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Soualiga Newsday Focus (709)

Dutch terror threat unchanged, NCTV warns about women returnees

SINT MAARTEN/THE NETHERLANDS – The threat of terrorist attacks by people who have never travelled to IS territory is as great as the threat from jihadists who have returned to the Netherlands, according to the Dutch counter terrorism unit’s latest assessment.

The NCTV says IS is using the network of the Dutch nationals who joined the terrorist group to inspire the sympathisers who remained behind. This, the agency says, is particularly worrying because inspiring people in Europe to carry out attacks could be an alternative to organising jihadist cells from Syria and Iraq.

‘The Netherlands is named in IS propaganda as a legitimate target,’ NCTV chief Dick Schoof said. ‘Various Dutch or Dutch-speaking jihadis have threatened violence against the Netherlands in 2017,’ referring to the apparent threat to attack this summer’s women’s European football championships.

Nevertheless, the threat level in the Netherlands remains at four out of five, or substantial, the NCTV says. The NCTV says there are still around 135 Dutch nationals in IS territory, a number of whom are currently in refugee camps in Iraq and Syria.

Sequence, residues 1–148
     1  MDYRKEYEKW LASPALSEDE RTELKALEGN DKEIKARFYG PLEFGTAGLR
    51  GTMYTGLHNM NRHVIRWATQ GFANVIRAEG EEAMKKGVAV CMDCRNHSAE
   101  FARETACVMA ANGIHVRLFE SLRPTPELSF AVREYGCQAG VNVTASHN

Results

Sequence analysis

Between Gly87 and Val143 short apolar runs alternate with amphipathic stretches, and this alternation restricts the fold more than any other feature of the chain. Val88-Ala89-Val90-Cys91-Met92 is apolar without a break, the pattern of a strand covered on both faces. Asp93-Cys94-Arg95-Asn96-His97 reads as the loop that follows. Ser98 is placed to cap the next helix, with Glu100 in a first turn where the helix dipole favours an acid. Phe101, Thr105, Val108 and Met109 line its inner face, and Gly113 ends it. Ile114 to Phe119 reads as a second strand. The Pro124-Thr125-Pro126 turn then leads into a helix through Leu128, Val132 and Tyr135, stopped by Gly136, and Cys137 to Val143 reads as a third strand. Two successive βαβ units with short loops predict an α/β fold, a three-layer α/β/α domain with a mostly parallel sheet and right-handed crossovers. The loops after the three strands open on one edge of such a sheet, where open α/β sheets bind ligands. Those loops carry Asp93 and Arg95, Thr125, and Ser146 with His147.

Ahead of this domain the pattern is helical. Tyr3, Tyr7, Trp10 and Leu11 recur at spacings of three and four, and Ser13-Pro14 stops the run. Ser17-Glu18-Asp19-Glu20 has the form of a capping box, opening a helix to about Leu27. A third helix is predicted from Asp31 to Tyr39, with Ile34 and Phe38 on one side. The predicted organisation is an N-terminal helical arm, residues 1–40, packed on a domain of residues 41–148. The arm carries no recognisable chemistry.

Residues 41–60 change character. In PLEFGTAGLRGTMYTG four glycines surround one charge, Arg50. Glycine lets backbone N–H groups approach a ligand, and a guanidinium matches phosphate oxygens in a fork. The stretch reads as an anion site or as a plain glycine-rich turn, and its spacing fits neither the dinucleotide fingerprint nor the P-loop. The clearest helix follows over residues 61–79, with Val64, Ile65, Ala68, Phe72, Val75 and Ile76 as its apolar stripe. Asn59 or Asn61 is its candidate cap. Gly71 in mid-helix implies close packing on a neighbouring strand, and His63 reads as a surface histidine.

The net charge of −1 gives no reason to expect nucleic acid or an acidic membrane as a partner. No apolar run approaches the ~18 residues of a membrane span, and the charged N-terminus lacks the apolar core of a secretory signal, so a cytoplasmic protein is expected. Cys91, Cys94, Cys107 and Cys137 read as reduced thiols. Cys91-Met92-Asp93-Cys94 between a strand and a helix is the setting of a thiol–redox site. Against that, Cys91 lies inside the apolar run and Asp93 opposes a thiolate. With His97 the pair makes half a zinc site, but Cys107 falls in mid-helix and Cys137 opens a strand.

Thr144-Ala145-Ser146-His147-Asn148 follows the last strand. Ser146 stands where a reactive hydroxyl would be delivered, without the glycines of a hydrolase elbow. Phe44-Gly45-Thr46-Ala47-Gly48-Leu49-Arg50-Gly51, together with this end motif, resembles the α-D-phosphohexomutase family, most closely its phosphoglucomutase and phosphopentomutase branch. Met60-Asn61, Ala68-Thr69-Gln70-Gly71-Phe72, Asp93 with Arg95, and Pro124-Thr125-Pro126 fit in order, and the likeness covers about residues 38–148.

The agency expects that women with their children will attempt to return to the Netherlands in the coming period. ‘These women will probably adopt the role of victim in order to reduce government attention for the risks’, says the NCTV.

However, since the summer IS has explicitly called on women to join the actual fighting and they too pose a serious risk, the NCTV said. The Dutch government has a policy of not providing any help to people wishing to return to the Netherlands from jihadi-controlled territory.

The Netherlands has so far avoided terrorist attacks such as those carried out in France, London and Belgium.

Far right

The new report also comments on the rise in violent threats from far right terrorist within Europe. While there are no signs of a similar rise in the Netherlands, the polarized climate in the Netherlands ‘could feed radicalisation and in some cases, lower the threshold for violence,’ the NCTV said. ‘This goes for all ideologies.’ (DutchNews)


One in 10 primary school children sent home due to staff shortages

SINT MAARTEN/THE NETHERLANDS – One in 10 primary school children was sent home last year because no substitute teacher could be found, while three quarters were taught by substitute staff at some point, the Algemeen Dagblad reports.

The figures are based on a survey among over 1,000 parents carried out by the Vervangingsfonds, a replacement fund into which schools pay a premium to finance substitute staff.

The survey also showed that two thirds of parents think children should never be sent home when there is no teacher present. However, a shortage of primary school teachers and changes to the employment law, is making it difficult for schools to find replacement staff, the paper writes.


Parents say they are worried about disruption to their children’s education when replacement teachers are called in because they have different ways of teaching and are not always familiar with the methods used.

Some 75% of pupils were taught by substitute teachers last year while one in 10 were sent home for one or more days.  The Vervangingsfonds finds the figures ‘alarming’ while parent’s organisation Ouders & Onderwijs thinks sending children home is ‘undesirable’.